Data for a Cause: Visualizing the Global Peace Gap

Throughout the past few weeks I have been diving deep into Tableau, learning, and experimenting with storytelling. I was excited to see the challenge by Data for a Cause and my goal was to create a dashboard that would empower leaders to make data-driven decisions to improve social outcomes.

Not-for-profit organizations can submit a request to have a dataset(s) visualized, this is facilitated by Data for a Cause and is led by Olga Tsubiks. Participants are given 2 weeks to submit data visualizations and the not-for-profit selects 3 winners and uses the visualizations in social media and marketing channels.

Challenge: The Institute for Economics and Peace has developed metrics to understand peace and ranks 163 countries on 23 indicators. The challenge was to analyze the trends of the least and most peaceful countries, sorted by economic class, and visualize the peace inequality.

Research: My first step in engaging with this challenge was to do research by reading the Global Peace Index 2019, the briefing provides a synopsis of the report and is a good introduction to this topic. I also skimmed through the full report (107 pages) and kept returning to this document as a reference — as I was doing an analysis and choosing what angle to focus on. The Institute for Economics and Peace also had a live stream where they looked at the findings and had a panel discussion on the topics in the report. I took notes as I watched this and found myself returning to the full report to gain a clearer picture of the subjects discussed.

Research Findings: I learned more about the Peace Gap, our world is considerably less peaceful now than it was in 2008 – since the deterioration in peacefulness (11.8%) is larger than improvements in peace (1.7%). I also found the focus for a story by analyzing the three domains that make up the Global Peace Index (GPI). The Tableau visualization I built provides (1) an overview of changes in the GPI. (2) Data on the GPI over the past decade, allowing a user to filter individual countries. (3) An analysis of the 3 domains that make up the GPI. Each of the domains includes context, a map with data on the indicators, and a breakdown by socioeconomic status.  

Design:  I have been reading Andy Kriebel and Eva Murray’s book #Makeover Monday and have been fascinated by all of their topics on data analysis and visualization. Design is one of the various topics that is discussed in the book and after reading Chapter 6: Designing for an Audience I had the perfect opportunity to try the exercise recommended by Andy and Eva. This exercise focuses on designing a dashboard, it is covered in detail in their book. This post will be a synopsis of my major takeaways.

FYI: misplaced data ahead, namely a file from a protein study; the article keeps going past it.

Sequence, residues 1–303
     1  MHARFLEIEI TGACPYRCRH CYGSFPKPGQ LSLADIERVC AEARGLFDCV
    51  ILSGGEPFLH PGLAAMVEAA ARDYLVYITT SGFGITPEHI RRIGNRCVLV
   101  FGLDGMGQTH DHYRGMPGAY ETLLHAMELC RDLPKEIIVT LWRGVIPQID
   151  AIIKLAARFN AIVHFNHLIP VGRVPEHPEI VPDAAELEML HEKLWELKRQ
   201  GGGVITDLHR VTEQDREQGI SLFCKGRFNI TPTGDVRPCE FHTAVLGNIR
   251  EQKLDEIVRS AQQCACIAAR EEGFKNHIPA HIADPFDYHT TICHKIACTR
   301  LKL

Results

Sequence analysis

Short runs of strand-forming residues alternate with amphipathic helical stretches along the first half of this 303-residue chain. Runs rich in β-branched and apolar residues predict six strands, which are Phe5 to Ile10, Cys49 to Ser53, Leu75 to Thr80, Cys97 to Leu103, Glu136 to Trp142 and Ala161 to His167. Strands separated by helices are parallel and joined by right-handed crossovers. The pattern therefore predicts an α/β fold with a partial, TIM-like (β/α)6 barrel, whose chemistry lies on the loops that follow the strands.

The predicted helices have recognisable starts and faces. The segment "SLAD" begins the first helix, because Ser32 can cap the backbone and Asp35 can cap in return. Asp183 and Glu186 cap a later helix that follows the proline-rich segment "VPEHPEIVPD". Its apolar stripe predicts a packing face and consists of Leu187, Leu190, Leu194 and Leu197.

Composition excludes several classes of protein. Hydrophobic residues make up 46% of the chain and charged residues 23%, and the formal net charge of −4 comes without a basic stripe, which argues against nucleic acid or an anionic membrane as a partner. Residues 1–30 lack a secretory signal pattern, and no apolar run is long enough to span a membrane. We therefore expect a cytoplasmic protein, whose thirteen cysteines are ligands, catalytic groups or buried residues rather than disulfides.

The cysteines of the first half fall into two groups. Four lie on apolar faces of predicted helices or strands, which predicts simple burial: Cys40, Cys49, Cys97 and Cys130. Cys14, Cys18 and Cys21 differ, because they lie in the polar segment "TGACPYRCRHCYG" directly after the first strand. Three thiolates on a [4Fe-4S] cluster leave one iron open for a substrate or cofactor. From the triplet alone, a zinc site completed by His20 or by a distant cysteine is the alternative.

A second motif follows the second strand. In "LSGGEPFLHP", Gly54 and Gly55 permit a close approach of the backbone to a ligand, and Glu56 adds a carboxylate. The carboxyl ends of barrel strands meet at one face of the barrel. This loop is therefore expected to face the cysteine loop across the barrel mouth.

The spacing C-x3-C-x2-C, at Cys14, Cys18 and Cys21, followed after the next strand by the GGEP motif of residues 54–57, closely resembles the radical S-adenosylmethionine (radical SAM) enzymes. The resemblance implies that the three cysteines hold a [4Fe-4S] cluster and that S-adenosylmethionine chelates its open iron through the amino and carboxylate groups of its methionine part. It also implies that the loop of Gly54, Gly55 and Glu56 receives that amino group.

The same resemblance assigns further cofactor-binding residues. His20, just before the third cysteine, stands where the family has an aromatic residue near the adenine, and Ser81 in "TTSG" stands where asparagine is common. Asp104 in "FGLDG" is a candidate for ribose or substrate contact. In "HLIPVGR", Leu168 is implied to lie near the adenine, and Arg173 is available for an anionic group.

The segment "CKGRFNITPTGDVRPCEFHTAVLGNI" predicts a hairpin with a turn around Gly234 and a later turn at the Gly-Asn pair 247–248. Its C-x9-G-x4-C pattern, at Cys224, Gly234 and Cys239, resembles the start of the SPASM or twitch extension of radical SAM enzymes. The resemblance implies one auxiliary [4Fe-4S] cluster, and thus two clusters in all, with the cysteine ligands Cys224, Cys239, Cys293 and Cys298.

Building Blocks:

  • Charts/Graphs
    • First, I spent time going through the data set and building charts/graphs – building and re-building – looking for trends and patterns. This building phase provides insights on the focus of the story.
  • Introduction or Subtitle
    • The research findings provide context to develop an introduction and subtitles.
  • Header or title
    • I wrote out a few different titles and recorded these examples.
  • Sections of the Analysis
    • The research findings provide the context to explain the domains, and my analysis of the data provides details on what is interesting.
  • Explanatory text or annotations

Design Activity: After assembling the building blocks above, I sketched these components on sticky notes. For example: a sticky note for a title, sticky note for graph, etc.

  1. Sketch a 3×4 grid on a piece of paper
  2. Transfer the sticky notes to the grid
  3. Arrange and rearrange each section – most important information should be placed on the upper left
  4. Draw text/annotations directly on the paper
  5. Iterate the layout a few times. I kept asking myself ‘Is this viz showing the most important metrics? Have I provided context to these metrics? Who is my audience? What defines good or bad?’
On the left are the notes I took after reading the #Makeover Monday book activity. On the right is the grid with the sticky notes.

After completing the design activity, I had a much clearer picture of what the dashboard would look like, what points I wanted to emphasize, and really enjoyed this entire process. To view the final dashboard please click here.

I’m also happy to announce that I was selected as a winner of the Data for a Cause challenge! This is super exciting as it’s my first entry and it was a challenging data set. There were participants from around the world and I’m so happy to be a part of a global community that focuses on using their data visualization skills for great causes.

To view the rest of the dashboard click here